State of Society Report 1999

The months since our report during the Eighth Month of 1998 have been a time of celebration, reflection, and growth for Minneapolis Friends. There are many signs of the health and well being of our Meeting. We continue to welcome new members and attenders. Wrestling with a number of issues has provided opportunities to learn about Quaker decision making process.

We have been drawn together as a religious community by our efforts to reach out to others. However, it is sobering to realize that our Meeting’s health and well being is ultimately challenged by the turmoil and agony of the world at large.

We were blessed by the ongoing vitality of our First Day School program. We continue to use the Jubilee curriculum and to have four classes for First Day School. Thirty-eight children and youth attend regularly and twenty-four teachers serve during the year. The program has been sustained by a core group of dedicated teachers. We are thankful for their gifts and are considering ways to lighten up their load by seeking greater adult participation. We are prayerfully seeking guidance about how to minister to older young Friends.

During the Ninth Month, we commemorated the 20th anniversary of Pat Jones’ service as Director of Ministry. A combined worship service, time for sharing and storytelling, and potluck included representatives from other meetings. Pat’s tender, loving, faithful presence has upheld and sustained Minneapolis Friends Meeting beyond measure.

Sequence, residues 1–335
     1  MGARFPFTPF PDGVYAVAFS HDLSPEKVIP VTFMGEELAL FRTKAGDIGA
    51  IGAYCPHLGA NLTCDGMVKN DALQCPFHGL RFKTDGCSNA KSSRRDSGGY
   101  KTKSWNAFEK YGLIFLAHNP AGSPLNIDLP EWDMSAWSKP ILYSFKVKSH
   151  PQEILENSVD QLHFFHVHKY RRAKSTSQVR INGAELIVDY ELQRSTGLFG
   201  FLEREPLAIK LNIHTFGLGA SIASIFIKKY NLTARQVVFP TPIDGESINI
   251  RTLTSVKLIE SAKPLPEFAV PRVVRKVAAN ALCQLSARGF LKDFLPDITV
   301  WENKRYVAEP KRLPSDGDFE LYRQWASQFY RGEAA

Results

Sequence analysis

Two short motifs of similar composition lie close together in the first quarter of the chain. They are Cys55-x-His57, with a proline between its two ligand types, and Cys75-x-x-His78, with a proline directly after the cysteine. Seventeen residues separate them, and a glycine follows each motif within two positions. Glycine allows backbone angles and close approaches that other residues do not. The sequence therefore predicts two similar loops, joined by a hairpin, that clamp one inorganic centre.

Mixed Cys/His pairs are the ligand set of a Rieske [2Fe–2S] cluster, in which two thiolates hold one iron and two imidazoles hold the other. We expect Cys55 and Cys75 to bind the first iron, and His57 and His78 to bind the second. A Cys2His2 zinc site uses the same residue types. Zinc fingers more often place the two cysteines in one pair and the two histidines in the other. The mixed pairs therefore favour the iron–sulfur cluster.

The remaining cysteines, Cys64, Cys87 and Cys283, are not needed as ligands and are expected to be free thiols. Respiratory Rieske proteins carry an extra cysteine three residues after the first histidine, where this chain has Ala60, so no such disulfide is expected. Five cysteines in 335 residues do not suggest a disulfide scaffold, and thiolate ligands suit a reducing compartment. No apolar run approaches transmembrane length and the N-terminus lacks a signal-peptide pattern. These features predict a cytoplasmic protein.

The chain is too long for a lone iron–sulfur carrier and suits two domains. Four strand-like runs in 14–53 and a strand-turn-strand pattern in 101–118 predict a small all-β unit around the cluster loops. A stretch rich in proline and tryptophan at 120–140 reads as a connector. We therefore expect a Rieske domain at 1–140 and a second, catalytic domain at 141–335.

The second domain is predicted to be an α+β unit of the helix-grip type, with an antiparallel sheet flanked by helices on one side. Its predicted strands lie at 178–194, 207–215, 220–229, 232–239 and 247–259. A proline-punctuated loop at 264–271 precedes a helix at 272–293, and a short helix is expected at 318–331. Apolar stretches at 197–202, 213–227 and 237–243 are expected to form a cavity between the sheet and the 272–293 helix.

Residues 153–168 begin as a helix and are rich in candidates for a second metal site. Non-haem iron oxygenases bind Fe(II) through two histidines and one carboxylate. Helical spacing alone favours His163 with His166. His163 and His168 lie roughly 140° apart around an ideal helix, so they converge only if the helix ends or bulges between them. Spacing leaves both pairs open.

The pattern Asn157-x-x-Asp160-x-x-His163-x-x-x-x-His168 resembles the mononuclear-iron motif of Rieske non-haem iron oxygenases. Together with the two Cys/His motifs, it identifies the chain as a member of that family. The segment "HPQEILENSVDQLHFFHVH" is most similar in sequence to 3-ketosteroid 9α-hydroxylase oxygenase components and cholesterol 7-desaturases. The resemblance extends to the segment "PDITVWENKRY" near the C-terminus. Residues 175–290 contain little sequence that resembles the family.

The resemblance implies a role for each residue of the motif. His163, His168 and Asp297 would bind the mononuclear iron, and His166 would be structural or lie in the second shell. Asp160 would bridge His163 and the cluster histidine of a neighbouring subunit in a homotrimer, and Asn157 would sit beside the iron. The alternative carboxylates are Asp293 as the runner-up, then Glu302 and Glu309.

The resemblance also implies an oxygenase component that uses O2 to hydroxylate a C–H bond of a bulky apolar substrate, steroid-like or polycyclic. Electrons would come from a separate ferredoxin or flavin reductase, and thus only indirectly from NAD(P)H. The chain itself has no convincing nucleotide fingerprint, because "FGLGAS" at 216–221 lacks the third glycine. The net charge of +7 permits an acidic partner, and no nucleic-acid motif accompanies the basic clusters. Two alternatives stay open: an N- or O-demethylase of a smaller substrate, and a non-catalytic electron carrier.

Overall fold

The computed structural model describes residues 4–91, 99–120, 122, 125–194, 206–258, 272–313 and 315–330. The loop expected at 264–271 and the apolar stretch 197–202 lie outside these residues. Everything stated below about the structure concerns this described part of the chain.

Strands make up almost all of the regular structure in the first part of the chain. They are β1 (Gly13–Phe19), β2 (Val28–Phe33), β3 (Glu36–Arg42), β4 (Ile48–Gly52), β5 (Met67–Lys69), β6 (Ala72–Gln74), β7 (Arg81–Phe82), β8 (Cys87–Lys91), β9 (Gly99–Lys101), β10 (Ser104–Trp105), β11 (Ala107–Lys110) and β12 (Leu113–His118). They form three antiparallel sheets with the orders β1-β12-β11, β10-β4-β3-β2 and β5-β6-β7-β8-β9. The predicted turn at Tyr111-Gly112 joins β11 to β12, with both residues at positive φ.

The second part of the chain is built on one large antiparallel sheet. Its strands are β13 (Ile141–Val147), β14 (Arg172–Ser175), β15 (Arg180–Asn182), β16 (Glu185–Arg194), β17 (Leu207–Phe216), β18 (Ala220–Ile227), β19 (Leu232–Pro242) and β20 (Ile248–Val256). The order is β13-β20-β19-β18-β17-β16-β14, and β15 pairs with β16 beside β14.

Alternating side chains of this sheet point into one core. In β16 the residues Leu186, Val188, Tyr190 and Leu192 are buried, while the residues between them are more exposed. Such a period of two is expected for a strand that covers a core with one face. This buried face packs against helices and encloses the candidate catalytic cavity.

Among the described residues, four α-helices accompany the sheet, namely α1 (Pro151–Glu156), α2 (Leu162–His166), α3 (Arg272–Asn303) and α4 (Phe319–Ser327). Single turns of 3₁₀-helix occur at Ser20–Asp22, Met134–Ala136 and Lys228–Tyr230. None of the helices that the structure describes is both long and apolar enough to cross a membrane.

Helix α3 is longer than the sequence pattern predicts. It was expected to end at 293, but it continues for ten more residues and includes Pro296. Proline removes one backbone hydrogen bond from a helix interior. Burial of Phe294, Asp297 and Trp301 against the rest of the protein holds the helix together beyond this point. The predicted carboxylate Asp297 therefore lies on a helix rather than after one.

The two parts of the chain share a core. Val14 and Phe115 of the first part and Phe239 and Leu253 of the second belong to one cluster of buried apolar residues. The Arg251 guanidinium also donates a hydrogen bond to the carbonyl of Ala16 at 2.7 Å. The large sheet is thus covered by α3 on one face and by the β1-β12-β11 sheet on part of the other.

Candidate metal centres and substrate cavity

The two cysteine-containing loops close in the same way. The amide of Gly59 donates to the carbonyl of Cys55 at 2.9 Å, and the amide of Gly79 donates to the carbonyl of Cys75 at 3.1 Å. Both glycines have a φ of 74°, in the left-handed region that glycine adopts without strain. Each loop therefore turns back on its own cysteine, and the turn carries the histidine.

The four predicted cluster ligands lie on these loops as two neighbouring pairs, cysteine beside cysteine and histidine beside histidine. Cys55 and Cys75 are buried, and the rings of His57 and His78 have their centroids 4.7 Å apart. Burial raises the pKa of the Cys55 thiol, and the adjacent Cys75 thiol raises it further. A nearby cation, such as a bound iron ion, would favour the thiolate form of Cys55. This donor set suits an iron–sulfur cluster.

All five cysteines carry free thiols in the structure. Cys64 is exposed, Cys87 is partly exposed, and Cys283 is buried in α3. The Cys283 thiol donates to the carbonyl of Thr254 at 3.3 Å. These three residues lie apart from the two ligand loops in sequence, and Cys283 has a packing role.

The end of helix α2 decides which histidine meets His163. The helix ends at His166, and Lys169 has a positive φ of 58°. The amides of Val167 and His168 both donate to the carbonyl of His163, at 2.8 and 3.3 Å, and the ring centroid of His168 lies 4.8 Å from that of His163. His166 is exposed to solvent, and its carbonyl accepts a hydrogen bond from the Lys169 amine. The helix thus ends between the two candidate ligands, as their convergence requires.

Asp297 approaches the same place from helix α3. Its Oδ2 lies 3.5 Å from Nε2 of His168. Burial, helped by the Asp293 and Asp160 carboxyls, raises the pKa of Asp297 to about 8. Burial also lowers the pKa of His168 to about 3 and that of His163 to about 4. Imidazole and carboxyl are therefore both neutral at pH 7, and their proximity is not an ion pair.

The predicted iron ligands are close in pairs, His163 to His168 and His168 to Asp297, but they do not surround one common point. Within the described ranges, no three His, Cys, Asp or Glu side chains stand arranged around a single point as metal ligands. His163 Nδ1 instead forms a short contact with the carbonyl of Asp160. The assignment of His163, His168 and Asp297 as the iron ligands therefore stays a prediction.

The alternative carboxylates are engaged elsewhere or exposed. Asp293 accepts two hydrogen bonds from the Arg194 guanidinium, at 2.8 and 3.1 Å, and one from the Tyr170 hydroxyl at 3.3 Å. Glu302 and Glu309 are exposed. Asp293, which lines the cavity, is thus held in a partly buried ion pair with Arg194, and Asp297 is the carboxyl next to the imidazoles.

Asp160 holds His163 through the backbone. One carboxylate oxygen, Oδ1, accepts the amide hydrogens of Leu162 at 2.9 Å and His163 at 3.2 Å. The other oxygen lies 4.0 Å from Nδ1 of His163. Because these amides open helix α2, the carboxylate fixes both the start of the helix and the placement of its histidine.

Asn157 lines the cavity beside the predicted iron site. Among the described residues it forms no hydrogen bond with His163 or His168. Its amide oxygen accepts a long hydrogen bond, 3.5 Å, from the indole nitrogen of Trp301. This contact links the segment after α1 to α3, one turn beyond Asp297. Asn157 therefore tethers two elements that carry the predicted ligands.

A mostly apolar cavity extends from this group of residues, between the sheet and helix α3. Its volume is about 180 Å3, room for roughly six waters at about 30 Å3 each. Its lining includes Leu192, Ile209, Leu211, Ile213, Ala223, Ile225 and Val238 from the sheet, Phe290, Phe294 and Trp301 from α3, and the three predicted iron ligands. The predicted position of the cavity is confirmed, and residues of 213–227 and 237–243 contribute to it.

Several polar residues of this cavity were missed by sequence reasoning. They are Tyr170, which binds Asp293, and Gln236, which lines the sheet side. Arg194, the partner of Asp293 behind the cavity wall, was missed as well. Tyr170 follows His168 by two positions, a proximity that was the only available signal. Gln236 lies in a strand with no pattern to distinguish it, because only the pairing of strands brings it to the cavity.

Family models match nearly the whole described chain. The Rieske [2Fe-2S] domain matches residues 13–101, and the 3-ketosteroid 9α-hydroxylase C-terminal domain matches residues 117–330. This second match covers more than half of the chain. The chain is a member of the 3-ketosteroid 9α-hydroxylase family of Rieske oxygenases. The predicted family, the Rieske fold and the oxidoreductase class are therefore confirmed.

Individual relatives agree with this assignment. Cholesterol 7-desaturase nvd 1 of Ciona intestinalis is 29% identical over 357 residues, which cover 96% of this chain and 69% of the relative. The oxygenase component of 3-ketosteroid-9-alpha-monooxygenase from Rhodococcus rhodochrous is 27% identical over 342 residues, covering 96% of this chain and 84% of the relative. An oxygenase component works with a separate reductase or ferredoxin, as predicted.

The celebration of Pat’s anniversary also included recognition of others’ service within the Meeting. Individuals who had been members for up to 5 years, 6 to 10 years, 11 to 15 years, and 16 years and beyond were asked to rise and be recognized. The Meeting remains thankful for the participation of a strong group of elders who have served the Meeting faithfully for many years.

The ongoing generosity of many members and attenders has enabled the Minneapolis Meeting to reduce a significant portion of the mortgage, thus shortening the number of months remaining to pay the balance to 36. The Meeting’s income covered expenses during the 1998-99 fiscal year. The long-range planning committee has been laid down and the trustees are developing a plan to anticipate large capital expenditures.

Minneapolis Friends grieve the loss of Vera Stephens, George Goodacre, and Edrie Goodacre, as well as Larry Schmidt, husband of member Judy Schmidt, all of whom died in the time period covered by this report, and Elaine Carte, Leland Beckes and Dorothy Sippel, all of whom died earlier in 1998. In addition, many members and attenders have lost family members and friends to death. A memorial service for all who are no longer in our midst, yet remain “written in our hearts” will be held soon.

Minneapolis Friends have celebrated six weddings in the last twelve months. Three were held under the care of the Meeting (one at Winona). We also have celebrated three births.

Minneapolis Friends Meeting has appreciated the opportunity to be part of Winona Preparative Meeting’s growth and development. In recent months, four new members of Winona Preparative Meeting were welcomed by Minneapolis Friends. Some Winona Friends attended Fall Camp, the midwinter Metro Friends gathering, and Pat’s anniversary commemoration.